The biggest solution to the problem of crime is socio-economic. Sharp divides in the standard of living between the rich and the poor, coupled with a consumer culture that values buyers over workers, create an atmosphere in which the 'have nots' want what the 'haves' have got all that more intensely. Crime even becomes a sideways form of social protest to some. Of course, because of the structure of our society, other members of the 'have nots' are the most convenient and available targets for such crime. So the 'crime problem' serves, in many ways, to reenforce the class structure.

Mr. Olmsted offers his solutions as well:

"It's unfortunate this is perceived as a liberal/conservative issue. Stressing education, drug treatment, and job placement isn't about "coddling" criminals, it's about expanding the tax base and reducing the very poverty that causes the vast majority of crime in the first place. Meanwhile, letting offenders out before the end of their sentences is a perfectly sane budgetary remedy, particularly if it keeps us from laying off teachers. Every dollar spent in the classroom is a dollar that won't have to be spent on a prison cell."

Some of you have read my own feelings about education policy but, despite my break from the conventional wisdom of 'more school better all time' that is now dominating our education debate, I certainly won't argue that early parole for non-violent drug offenders makes more sense than laying off teachers. I'll also note that I think presidential pardon for non-violent drug offenders serving life sentences because of 'three strikes' laws would be a more telling statement by the presidency on federal drug policy than anything else.

I also favor voluntary drug treatment programs and job placement services for parolees very strongly. For those who genuinely wish to quit, treatment is a far better option than jail. And the biggest quoted reason for recidivism is economic frustration with the difficulty of (re)assimilating into the workforce.

I don't agree that education and drug treatment are magic bullets. Strong statistical evidence suggests that most non-chemical drug treatment programs have exactly the same success rate as individuals quitting on their own. I am strongly against forced methadone treatment (in which an addictive drug is treated by forcing the addict to become addicted to a much more deadly and addictive drug) and I tend to consider that the statement 'treatment or jail' is not truly 'voluntary.' So, in my opinion, the only option that does not violate the rights of citizens is the one with the extremely low rate of success.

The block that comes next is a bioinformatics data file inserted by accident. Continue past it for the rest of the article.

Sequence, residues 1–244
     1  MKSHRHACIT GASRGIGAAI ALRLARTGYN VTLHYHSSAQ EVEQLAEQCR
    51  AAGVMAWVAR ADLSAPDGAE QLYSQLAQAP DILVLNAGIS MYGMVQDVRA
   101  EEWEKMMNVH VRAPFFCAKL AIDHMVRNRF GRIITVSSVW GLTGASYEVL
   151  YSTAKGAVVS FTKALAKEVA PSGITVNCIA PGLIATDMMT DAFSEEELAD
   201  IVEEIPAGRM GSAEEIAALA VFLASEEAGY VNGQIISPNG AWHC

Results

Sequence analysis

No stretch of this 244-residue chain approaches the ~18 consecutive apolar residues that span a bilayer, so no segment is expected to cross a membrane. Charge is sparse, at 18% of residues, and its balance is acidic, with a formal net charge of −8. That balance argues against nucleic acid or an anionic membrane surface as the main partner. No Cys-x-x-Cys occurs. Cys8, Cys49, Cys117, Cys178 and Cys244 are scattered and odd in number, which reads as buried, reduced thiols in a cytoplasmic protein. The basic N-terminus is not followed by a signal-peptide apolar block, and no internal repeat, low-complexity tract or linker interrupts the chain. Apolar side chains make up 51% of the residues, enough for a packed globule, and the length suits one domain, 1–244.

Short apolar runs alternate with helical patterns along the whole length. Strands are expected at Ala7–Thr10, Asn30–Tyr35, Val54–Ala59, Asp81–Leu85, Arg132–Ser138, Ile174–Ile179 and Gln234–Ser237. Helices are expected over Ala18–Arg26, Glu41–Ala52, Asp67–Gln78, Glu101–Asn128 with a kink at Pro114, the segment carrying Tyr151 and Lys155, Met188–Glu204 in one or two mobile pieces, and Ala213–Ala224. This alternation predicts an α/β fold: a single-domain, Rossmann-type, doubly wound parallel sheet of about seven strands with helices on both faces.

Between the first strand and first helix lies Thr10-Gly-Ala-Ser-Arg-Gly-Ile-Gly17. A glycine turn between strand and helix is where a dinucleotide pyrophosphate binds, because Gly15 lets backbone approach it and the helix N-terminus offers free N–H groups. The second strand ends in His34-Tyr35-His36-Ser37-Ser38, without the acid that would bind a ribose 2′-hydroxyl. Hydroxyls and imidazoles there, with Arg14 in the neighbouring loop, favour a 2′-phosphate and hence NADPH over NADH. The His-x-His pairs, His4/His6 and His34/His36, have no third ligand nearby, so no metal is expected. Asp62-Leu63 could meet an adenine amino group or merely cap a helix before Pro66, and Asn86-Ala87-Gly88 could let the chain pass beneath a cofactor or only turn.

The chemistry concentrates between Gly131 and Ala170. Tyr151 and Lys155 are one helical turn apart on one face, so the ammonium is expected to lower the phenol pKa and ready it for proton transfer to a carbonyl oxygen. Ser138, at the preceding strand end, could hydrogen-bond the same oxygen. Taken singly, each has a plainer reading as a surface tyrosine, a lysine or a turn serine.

Likewise, with education, the idea of a one hundred percent college educated population is certainly seductive. However, consider this: if everyone graduating high school finished at least four years of college, would there be enough jobs requiring college degrees to go around? Someone would still end up working at McDonald's flipping our burgers or at Olive Garden. We'd have the best educated fast food service workers in the world... but I'm not sure that would lower crime rates. While poor schools and a dehumanizing education system certainly contribute to crime levels, I am not sanguine that fixing those problems will solve the crime problem. Consider that the most serious crime is frequently a 'business' run by' educated' people. Street gangs may be composed of high school dropouts (or they may not), but the people higher up the ladder probably have their diploma.

The real solution to non-violent drug-related crime is to legalize drugs. That is the real solution to most violent drug-related crime too.

All of that said, the increased availability of non-chemical drug treatment and job placement services for parolees is a desirable thing. It is also desirable for people to have the more informed and accurate picture of the criminal justice system offered by articles like Mr. Olmsted's than to learn everything they know about crime and punishment from the TV news or Russian novelists.

1 comment: